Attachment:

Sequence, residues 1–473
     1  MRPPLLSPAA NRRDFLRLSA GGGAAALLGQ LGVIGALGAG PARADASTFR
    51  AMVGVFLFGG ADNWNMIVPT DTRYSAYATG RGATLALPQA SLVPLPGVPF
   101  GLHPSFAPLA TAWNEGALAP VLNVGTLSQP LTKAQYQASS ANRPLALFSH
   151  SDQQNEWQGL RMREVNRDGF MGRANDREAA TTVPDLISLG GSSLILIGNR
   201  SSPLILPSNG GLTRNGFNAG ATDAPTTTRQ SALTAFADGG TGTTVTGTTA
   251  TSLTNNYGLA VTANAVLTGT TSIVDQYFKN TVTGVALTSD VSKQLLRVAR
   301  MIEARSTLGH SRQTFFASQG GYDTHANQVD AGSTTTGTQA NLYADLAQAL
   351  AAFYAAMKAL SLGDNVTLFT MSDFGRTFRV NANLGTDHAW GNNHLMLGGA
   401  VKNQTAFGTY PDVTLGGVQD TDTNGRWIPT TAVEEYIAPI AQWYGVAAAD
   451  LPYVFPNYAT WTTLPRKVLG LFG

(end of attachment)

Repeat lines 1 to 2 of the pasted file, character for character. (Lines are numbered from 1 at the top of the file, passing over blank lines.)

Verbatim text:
Sequence, residues 1–473
     1  MRPPLLSPAA NRRDFLRLSA GGGAAALLGQ LGVIGALGAG PARADASTFR